To study in any of the European countries, British citizens will require a visa from particular EU countries, if their courses run longer than 3 months. Additionally, they will no longer qualify for domestic fees when studying abroad. All of this makes going abroad for education more expensive.
Furthermore, British universities will no longer participate in the Erasmus program. This means that European students won’t be able to study temporarily in the UK through the program. And students who still want to pursue higher education in the UK will have to apply through the new points-based immigration system and deal with higher international fees.
3. Impact on Trade
While Britain was part of the EU, companies could buy and sell goods across EU borders without paying taxes. Additionally, there were no limits on the amount of items that could be traded. However, with the Brexit deal, a few changes come into effect:
Since exiting the EU Customs Union, Great Britain will longer enjoy the benefits of free trade, making the movement of goods across the EU and UK more difficult. Now, British importers and exporters (trading with Europe) are considered non-residents. Because of this, goods moving between the UK and EU now require customs declarations. However, these goods will not be subject to tariffs.
On the other hand, businesses that used to face competition from overseas (EU) companies will enjoy a competitive advantage. This is because UK customers will have to choose between expensive imports and cheaper domestic products.
Businesses can expect delays in their supply chain, including shipping and deliveries, due to border checks and queues. It is expected that the “EU would immediately implement tough new checks on agri-food products, with no grace period.” This is not good news for perishable goods as they may get caught up in these checks and queues.
UK will no longer be bound by the EU’s VAT regime. As a result, importers and customers receiving goods from the EU will be subject to VAT for imports. The British government might decide to change the system, including making new goods 0% VAT-rated. However, what exactly will happen in the UK related to the VAT regime is still not concretely decided.
4. Mobile Roaming and Calling Charges
Many are wondering if Brexit will bring roaming charges back to businesses and customers. More specifically, will Brexit mean that phone calls between the EU and UK are considered international?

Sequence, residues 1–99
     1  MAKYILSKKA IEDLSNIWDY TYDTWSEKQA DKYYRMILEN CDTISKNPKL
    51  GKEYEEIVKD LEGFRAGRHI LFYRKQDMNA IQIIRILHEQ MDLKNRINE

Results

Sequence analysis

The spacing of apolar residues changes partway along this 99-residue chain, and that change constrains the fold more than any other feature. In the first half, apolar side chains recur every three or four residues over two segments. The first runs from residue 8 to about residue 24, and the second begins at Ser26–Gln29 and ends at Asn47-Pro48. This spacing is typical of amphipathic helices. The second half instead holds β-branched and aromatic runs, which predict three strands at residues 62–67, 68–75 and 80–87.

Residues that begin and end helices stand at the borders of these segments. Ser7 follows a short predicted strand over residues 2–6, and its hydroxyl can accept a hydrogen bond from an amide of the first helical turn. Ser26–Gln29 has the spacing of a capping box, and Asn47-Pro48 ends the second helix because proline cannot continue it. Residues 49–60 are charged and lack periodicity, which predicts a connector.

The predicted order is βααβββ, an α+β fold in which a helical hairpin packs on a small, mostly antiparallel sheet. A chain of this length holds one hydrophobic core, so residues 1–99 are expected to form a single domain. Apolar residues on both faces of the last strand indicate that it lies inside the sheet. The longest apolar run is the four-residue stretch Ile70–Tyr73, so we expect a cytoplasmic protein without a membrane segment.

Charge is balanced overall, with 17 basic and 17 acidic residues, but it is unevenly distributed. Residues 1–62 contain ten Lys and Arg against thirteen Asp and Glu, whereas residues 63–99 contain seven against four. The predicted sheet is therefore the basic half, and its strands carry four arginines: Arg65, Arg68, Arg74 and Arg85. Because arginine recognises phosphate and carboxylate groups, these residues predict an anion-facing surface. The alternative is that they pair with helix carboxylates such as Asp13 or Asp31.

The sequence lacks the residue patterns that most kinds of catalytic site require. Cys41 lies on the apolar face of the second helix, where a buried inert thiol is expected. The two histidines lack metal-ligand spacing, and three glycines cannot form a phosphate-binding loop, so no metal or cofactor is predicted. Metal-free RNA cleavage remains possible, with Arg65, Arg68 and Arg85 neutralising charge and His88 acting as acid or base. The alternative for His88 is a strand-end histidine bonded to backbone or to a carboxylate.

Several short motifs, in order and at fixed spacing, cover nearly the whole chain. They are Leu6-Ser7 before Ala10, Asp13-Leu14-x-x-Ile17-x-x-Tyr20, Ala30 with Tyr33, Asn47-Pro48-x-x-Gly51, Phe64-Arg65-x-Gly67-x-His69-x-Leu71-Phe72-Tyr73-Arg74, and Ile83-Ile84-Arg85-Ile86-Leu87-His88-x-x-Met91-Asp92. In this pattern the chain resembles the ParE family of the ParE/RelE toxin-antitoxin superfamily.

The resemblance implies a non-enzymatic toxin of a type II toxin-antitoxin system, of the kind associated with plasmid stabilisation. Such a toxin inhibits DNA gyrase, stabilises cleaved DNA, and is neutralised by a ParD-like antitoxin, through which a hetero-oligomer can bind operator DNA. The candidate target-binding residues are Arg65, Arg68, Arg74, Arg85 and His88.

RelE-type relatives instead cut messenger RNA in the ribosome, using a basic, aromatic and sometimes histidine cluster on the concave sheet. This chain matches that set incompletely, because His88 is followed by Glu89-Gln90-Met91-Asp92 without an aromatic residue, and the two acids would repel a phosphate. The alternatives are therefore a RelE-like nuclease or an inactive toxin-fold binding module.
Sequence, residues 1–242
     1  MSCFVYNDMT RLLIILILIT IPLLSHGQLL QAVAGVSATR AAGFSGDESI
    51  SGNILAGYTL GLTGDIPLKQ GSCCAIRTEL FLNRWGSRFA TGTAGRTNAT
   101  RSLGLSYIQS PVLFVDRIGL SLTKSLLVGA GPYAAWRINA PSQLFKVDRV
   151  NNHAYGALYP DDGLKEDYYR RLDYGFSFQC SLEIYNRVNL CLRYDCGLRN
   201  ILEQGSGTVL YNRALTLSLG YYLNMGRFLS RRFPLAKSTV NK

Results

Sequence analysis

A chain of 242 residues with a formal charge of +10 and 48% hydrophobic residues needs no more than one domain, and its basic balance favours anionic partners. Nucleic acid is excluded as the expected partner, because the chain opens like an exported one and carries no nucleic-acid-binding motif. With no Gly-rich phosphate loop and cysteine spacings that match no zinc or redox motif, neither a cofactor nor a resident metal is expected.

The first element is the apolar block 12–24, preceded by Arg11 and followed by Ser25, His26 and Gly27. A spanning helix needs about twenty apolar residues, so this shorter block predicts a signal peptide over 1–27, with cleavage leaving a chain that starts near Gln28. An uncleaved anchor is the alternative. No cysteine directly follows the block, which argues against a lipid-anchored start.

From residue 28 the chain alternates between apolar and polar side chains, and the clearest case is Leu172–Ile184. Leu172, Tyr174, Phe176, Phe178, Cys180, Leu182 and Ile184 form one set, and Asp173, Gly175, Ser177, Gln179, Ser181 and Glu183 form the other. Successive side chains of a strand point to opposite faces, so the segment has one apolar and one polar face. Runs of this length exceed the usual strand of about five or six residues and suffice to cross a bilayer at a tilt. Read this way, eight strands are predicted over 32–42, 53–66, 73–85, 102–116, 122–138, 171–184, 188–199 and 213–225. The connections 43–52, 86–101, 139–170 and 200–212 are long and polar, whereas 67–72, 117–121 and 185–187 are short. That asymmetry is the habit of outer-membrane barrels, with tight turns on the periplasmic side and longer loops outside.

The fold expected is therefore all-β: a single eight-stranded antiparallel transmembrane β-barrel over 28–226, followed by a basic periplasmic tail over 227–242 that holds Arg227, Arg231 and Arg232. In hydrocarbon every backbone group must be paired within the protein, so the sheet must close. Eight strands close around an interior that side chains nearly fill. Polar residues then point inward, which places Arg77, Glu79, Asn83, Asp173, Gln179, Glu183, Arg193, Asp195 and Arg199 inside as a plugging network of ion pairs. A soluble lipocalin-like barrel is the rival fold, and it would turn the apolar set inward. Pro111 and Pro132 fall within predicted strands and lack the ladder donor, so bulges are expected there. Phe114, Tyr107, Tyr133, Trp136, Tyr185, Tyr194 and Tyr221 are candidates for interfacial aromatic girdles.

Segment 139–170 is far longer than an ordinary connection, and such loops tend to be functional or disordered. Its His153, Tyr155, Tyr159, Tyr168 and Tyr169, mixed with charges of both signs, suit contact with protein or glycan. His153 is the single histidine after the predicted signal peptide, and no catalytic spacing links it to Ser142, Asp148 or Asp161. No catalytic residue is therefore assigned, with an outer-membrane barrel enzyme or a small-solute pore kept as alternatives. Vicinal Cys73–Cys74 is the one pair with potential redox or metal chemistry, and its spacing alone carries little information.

While part of the EU, British phone carriers were subject to EU phone laws. Through these laws, people could call, text, and use data on the same terms in the United Kingdom and across Europe. In other words, they could use their data at no extra fees, even when within the EU. Unfortunately, these laws no longer apply to UK phone carriers. And carriers are not legally required to offer the same rates as they did before.
As of December 2020, Vodafone confirmed that they had no plans to bring back roaming charges. Other major operators — O2, EE, 3 — haven’t publicly confirmed that they will increase calling rates.
If roaming charges are brought back, businesses in and outside of Britain and the EU can use virtual phone numbers as an alternative. For example, an EU company can get a UK phone number to connect with local customers in the UK without worrying about roaming or international charges.
5. Online Services
Lastly, when within the EU, there was a legal guarantee that the UK would have access to online services. However, this guarantee is no longer valid. Individual providers will need to decide how to make adjustments and amend their provisions.
How Global Call Forwarding Can Help with Brexit
The Brexit deal has led to both victories and uncertainties for people of different sectors in the UK and EU societies. Global Call Forwarding can ease some of these concerns by providing businesses in the UK and EU with European virtual phone numbers to help transition more effectively. You can sign up for a virtual phone number or buy a toll-free UK number on our website. Or, speak with our global specialists at 1 (888) 908 6171 to get a better understanding of how we can support your business during this change.